Biosystematic studies in Southern African species of Strychnos L. (Loganiaceae)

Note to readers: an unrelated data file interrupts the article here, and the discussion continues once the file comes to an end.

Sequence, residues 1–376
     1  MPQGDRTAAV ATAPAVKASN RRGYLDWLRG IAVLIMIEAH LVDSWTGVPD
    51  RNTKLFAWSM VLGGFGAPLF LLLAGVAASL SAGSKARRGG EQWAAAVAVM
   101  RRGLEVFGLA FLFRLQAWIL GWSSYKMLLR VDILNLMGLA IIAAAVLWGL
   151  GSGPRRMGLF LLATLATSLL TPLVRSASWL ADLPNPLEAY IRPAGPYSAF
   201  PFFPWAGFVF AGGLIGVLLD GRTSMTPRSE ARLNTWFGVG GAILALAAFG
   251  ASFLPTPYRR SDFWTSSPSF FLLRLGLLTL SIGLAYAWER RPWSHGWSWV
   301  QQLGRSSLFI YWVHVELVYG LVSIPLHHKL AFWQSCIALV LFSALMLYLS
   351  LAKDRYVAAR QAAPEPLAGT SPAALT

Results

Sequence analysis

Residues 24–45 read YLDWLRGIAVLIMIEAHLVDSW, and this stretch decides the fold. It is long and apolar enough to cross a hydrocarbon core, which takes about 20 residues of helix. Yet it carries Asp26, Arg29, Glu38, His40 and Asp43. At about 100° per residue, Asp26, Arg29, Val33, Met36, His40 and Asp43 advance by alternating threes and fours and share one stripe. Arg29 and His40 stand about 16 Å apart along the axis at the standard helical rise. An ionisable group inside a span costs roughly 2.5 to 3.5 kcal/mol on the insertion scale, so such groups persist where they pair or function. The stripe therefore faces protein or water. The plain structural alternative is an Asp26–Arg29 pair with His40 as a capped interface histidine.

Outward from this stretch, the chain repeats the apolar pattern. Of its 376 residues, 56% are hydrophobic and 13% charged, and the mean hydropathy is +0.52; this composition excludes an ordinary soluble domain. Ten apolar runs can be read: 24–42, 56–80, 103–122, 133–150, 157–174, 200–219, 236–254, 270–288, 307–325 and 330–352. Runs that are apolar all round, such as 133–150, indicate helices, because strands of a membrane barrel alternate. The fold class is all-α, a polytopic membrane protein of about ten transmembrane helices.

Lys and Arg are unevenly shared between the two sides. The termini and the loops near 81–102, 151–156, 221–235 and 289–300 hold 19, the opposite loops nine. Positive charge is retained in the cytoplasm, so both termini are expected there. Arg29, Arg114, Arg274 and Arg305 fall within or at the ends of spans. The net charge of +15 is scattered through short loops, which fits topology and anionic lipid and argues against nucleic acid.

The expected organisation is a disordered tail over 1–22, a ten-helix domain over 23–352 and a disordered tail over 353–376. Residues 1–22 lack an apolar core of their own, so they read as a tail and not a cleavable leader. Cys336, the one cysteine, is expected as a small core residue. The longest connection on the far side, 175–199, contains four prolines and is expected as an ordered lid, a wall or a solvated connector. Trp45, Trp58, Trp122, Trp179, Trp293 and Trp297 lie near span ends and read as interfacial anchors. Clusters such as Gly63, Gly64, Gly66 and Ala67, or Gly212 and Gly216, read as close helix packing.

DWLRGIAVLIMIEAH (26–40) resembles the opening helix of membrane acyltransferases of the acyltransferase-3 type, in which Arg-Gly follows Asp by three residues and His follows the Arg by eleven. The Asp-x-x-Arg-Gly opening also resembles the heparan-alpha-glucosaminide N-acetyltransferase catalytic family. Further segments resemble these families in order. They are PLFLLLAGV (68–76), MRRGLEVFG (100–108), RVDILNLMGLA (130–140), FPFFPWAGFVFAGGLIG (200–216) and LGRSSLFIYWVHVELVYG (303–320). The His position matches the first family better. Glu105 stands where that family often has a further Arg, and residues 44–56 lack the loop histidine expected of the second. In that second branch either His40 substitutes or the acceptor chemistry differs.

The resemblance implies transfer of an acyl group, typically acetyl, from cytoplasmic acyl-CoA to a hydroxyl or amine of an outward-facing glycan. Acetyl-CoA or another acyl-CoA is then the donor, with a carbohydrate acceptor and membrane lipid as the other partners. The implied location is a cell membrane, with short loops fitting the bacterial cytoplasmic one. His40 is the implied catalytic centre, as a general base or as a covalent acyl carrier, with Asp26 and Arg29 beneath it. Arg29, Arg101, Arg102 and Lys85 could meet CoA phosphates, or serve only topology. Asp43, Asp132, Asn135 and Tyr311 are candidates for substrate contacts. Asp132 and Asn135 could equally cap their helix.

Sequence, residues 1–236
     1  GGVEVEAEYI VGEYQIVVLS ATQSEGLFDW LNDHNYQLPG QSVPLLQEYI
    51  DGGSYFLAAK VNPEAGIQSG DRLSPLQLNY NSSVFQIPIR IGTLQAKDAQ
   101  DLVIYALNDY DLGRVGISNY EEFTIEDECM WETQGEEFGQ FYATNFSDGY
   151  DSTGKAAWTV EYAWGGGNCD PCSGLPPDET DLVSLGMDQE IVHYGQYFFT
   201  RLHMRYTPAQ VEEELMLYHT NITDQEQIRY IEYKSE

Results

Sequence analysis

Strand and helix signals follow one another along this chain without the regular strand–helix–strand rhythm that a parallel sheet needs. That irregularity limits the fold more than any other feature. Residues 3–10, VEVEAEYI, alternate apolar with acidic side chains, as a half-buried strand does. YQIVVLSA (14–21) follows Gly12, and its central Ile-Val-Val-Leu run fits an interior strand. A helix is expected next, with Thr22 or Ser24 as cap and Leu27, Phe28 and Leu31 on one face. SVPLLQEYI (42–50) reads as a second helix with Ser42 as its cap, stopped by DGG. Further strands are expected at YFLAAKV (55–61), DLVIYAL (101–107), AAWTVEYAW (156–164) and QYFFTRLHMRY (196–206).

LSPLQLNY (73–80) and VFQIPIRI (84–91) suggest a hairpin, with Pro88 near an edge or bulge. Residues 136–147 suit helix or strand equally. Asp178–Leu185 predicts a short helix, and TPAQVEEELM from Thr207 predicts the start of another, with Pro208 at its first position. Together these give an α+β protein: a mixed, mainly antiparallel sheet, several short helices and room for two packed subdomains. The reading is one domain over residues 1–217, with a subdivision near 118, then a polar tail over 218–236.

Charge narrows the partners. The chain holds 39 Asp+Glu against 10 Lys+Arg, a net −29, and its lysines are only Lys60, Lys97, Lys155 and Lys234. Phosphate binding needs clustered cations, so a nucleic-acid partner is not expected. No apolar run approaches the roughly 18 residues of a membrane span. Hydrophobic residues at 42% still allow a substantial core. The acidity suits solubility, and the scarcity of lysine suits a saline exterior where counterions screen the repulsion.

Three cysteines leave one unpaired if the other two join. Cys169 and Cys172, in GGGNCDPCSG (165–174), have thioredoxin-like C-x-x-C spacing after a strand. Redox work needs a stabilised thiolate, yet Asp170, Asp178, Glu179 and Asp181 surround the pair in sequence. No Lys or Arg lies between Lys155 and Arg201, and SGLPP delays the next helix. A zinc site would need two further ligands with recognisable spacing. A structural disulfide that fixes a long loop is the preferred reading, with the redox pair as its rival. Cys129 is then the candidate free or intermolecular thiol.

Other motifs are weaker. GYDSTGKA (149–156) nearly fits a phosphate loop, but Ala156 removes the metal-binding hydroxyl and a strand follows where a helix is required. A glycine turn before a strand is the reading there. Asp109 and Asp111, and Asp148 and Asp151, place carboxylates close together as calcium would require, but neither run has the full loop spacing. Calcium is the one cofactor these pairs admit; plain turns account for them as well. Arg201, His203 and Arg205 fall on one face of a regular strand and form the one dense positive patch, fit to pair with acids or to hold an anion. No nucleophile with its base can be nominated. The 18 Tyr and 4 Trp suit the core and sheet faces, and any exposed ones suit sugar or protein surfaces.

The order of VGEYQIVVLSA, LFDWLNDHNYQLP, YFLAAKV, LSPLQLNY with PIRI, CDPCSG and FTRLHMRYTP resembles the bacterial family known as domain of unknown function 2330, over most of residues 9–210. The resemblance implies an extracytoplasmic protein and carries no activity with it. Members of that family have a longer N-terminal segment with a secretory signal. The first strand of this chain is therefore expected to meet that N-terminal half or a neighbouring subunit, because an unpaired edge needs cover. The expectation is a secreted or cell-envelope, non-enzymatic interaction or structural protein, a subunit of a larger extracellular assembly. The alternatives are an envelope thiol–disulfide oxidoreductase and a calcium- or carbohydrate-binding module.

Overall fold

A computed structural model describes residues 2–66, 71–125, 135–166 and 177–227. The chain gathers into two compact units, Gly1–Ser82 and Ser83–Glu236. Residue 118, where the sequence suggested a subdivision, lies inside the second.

ADEKUNLE ADEBOWALE Ph.D. thesis, University of KwaZulu-Natal, 2014 Strychnos L. is the largest genus of the pantropical or subtropical family Loganiaceae with about 200 species. Their habits range from trees and shrubs in open areas to lianas in rain forests. The genus is well-known as a source of alkaloids such as strychnine and brucine and other allied compounds, all of which have been used medicinally and in curare formulation for centuries. While taxonomic circumscription of the genus has never been contentious, there is no consensus about infrageneric affiliations, the latest of which recognises 12 sections based on morphological characters. Recent molecular evaluation of the genus on a global scale with the internal transcribed spacer (ITS) marker suggests that many of the currently recognised sections are not monophyletic. An understanding of regional patterns of evolution, which is relevant for biodiversity conservation, requires an in-depth study of the focus group on a regional scale. Using a multiplicity of approaches from morphological and molecular to biogeographical, this study is an attempt at elucidating diversity patterns at different levels among the southern African species of Strychnos. Various combinations of morphological attributes from branches, leaves, flowers and fruits distinguish seemingly homologous clusters of species, sometimes supported by molecular data. A lack of molecular support for a hypothetical relationship may viii indicate case(s) of convergent evolution in these features across the taxa involved. Molecular phylogenies based on the ITS and chloroplast markers confirm the nonmonophyletic nature of all but section Spinosae. Proposals for sectional recircumscriptions of the genus are provided. Patterns of speciation within Strychnos suggest a Miocene origin in the rain forests along the South America/Guinea-Congolian axis. Within the southern African subcontinent, the evolution of the genus carries a strong ecological signature along either the forest or savanna biome, with many accompanying morphological adaptations for the respective habitats. The non-synonymy of S. gerrardii with S. madagascariensis is demonstrated with multiple sources of data, as a case of integrative taxonomy succeeding where single-source data approaches might have failed. Routes to current distribution of the genus in southern Africa are hypothesised to involve a combination of palaeo-climatic oscillations and allopatric speciation, consistent with the process indicated in many other plant groups for the region. The findings are discussed in the wider context of their implications for taxonomy and biodiversity conservation in the face of climate change, food security and other relevant issues in systematics.